The total number of Bible Societies in Great Britain, under all the designations of Auxiliary or Branch Societies and Associations, exceeds 2,500. We may safely average the number of officers at four for each, giving a total of 10,000; and the average number of members of committees, including collectors, cannot be less than fifteen, which gives a total of 37,500. Now, of these numbers respectively, how many are professed Unitarians? I have taken much pains to obtain correct information, and fully believe it may be confidently asserted, first, that of the 10,000 officebearers there are but three-one of whom, indeed, denies that he is a Unitarian-and, secondly, that of the 37,500 members of committees there are but thirty-two. It is more difficult to ascertain the total number of subscribers to the societies, but we shall not, probably, exaggerate in taking forty as the average, making a total of 100,000, of whom I have every reason to believe not one hundred are Unitarians. I do not mean to intimate, that, if the principle of the Bible Society were wrong, the smallness of the number of Socinians who have availed themselves of it would make it right: no, if it be unscriptural, we must rather break up the Society than admit it, even though no one individual should ever act upon it: but to those whose alarms are rather derived from a supposed fact than from an abstract principle, the foregoing statement

will have just weight. It will be seen with how little reason such exaggerated notions have gone forth relative to the numbers of Socinians in the Society.

"But," say the Sackville-Street Committee," We wish a declaration against Socinianism."-In this I heartily concur with them; for, blessed be God! I abjure Socinianism as much as any of these gentlemen; and one of my many reasons for loving the Bible Society, as it is, to my very heart, is, that I believe it to be the most powerful enemy of Socinianism on the face of the earth. But the declaration has been issued; and a far better one, too, than can be concocted by the Sackville-Street Committee, or any other; and of this full, explicit, and irrefragable declaration not fewer than 7,024,727 copies have been circulated already. The Bible is a Trinitarian Bible, and will do more, under the influences of the Holy Spirit, to cut up Socinianism, and every other heresy, root and branch, than all the testacts made or repealed from the days of Julian the Apostate to the present hour.

It is, I conceive, impossible that any reflecting mind should be astonished at the constant decrease of Socinian members of the Bible Society. That many benevolent individuals of this denomination, viewing the Society simply as a work of mercy, should have joined it at the outset, is only what might have been expected; but that they should cheerfully continue their support after witnessing the effects of its operations, would indeed have been extraordinary. I have watched these effects from the commencement of the institution; and neither personal observation in a tolerably large circle, nor the result of extensive and long-continued inquiry, has yet discovered to me one solitary inIdividual who has imbibed Socinian views in consequence of a connexion with the Bible Society; while, on the other hand, I have the pleasure of knowing several persons, formerly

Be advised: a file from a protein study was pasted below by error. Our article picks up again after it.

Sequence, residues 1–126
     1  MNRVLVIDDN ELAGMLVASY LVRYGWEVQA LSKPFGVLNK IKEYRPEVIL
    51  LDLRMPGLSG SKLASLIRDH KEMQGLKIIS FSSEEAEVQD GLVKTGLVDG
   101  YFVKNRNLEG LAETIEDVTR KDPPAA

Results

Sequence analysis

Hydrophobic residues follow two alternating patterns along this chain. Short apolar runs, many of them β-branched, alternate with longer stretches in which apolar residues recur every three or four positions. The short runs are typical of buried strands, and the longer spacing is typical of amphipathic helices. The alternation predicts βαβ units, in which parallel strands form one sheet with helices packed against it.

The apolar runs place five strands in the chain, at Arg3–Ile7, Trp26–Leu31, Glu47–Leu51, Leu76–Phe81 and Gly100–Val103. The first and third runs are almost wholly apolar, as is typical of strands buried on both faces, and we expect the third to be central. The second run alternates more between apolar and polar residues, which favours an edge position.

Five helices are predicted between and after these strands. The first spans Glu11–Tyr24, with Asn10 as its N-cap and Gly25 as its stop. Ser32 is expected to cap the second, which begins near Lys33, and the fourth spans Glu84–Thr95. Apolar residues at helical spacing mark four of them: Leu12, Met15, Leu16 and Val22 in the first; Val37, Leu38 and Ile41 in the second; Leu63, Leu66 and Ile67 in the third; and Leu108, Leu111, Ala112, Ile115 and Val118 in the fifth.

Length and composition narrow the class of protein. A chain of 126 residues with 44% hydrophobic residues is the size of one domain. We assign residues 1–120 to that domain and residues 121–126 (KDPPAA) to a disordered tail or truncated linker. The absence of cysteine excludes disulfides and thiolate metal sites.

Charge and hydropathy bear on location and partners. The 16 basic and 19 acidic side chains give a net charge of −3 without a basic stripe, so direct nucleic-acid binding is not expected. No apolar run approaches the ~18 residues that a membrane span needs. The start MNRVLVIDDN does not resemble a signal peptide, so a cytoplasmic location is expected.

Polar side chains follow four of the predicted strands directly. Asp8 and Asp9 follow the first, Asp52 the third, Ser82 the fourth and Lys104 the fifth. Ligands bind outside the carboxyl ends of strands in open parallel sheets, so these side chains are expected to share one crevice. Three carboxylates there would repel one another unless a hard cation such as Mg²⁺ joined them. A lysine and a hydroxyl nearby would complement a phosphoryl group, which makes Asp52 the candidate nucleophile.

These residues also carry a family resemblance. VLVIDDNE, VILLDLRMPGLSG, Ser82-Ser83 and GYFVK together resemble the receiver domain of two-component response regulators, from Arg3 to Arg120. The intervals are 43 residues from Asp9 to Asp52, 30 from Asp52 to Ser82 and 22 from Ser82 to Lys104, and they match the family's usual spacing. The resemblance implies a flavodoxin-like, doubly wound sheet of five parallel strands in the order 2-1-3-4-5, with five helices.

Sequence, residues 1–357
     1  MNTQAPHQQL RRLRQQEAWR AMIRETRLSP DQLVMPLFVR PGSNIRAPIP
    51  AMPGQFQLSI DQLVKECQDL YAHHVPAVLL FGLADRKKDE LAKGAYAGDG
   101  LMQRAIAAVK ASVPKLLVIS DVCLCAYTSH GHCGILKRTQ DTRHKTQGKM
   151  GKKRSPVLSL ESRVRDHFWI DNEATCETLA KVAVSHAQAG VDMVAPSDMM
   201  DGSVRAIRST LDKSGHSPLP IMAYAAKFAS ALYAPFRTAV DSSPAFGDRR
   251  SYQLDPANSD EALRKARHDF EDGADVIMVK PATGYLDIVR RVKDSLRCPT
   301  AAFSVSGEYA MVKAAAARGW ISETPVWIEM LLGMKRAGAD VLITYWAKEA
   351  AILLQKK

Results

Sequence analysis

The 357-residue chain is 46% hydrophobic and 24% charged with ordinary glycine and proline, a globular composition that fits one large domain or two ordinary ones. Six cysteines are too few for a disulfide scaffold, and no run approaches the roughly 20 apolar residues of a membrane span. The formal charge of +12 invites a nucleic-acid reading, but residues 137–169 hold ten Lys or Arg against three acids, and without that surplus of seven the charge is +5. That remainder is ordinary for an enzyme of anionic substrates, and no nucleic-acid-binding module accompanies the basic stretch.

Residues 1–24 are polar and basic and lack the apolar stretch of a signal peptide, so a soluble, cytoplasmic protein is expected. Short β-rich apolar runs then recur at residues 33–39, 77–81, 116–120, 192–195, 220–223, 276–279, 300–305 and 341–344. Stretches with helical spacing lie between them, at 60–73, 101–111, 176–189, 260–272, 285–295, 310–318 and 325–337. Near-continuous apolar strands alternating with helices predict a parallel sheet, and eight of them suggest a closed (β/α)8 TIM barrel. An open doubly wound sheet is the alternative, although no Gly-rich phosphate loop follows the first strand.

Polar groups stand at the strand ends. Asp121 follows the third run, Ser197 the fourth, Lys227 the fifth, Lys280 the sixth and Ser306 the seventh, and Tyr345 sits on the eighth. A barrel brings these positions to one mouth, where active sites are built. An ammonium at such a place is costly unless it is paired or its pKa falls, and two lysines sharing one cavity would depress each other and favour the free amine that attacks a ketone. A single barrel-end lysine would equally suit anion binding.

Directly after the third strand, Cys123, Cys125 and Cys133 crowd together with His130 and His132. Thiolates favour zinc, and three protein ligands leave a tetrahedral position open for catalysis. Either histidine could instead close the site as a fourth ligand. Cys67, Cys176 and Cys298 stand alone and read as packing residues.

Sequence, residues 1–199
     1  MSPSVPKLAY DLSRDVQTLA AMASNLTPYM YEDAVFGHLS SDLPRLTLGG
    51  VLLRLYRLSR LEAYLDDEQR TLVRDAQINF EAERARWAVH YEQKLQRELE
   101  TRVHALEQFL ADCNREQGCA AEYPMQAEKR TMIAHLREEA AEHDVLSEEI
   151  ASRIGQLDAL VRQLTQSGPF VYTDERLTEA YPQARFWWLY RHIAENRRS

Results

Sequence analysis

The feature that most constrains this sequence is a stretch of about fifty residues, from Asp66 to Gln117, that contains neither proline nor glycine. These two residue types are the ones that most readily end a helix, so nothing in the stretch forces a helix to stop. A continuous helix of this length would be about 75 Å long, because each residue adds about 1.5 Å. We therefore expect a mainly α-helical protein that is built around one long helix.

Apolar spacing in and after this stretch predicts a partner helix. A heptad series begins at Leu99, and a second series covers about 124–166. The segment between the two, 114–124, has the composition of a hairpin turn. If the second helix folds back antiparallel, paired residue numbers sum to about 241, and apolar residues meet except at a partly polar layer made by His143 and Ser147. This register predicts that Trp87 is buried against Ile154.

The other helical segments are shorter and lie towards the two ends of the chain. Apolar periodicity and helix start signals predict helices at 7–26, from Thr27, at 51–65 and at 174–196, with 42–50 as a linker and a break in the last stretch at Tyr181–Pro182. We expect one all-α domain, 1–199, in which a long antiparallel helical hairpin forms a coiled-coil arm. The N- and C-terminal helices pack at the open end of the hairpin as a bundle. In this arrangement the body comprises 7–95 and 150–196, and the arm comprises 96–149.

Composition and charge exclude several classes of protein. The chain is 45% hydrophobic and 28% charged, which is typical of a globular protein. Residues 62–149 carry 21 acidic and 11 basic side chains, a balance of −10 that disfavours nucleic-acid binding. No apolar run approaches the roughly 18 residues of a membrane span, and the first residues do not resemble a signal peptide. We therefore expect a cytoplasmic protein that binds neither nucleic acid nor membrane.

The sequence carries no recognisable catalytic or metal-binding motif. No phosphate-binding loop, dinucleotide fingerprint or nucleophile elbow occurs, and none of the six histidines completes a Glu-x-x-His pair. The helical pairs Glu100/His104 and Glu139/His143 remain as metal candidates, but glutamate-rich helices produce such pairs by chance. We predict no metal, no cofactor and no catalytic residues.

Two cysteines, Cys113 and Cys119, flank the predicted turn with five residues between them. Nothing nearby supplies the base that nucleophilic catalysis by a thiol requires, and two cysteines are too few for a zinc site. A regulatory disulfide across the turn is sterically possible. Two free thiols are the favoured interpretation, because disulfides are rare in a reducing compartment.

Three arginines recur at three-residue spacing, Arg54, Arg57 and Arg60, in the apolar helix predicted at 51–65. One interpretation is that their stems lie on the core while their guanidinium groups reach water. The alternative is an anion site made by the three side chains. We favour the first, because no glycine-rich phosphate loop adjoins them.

entertaining those opinions, to whom that connexion has been a blessing, by being made the instrument of opening to them " a more excellent way," and leading them to the knowledge of Him whom to know is life eternal." There are such, Mr. Editor, among the circle of your own readers, who daily bless God that they can understand this reference; and perhaps I may hereafter trouble you with a few particulars in illustration of this interesting point.Now, as it is impossible but that these facts must be known to the immediate relatives and friends of the parties, the only subject of wonder would be an increase of Socinian members. I confess, that, with those views of the blessed Bible which, through the unmerited mercy of God in Christ Jesus, I am graciously enabled to cherish, a Socinian member of the Bible Society has always appeared to me one of the most inconsistent of mortals. But I am not answerable for his inconsistency: he comes to me, I do not go to him: the sacrifice is his, not mine. Certain I am that he will do good by circulating the Holy Scriptures, and equally certain I am that he will also be more in the way of receiving good than he was before: and till I can find in the Bible a prohibition infinitely stronger than the forced constructions and analogies hitherto adduced, I dare not refuse to any human being the privilege of distributing the words of eternal life, nor consent to the adoption of any measure by which the exercise of that privilege would be impeded.

To the twenty-one Reverend gentlemen, whose names are attached to the Sackville Street circular, I would respectfully submit the inquiry, Whether they should not enjoin their pew-openers never to admit a Socinian into their churches; since to unite with such a man in the sacred exercise of prayer and praise must surely be more opposed to their views, than admitting him to unite with them in distributing the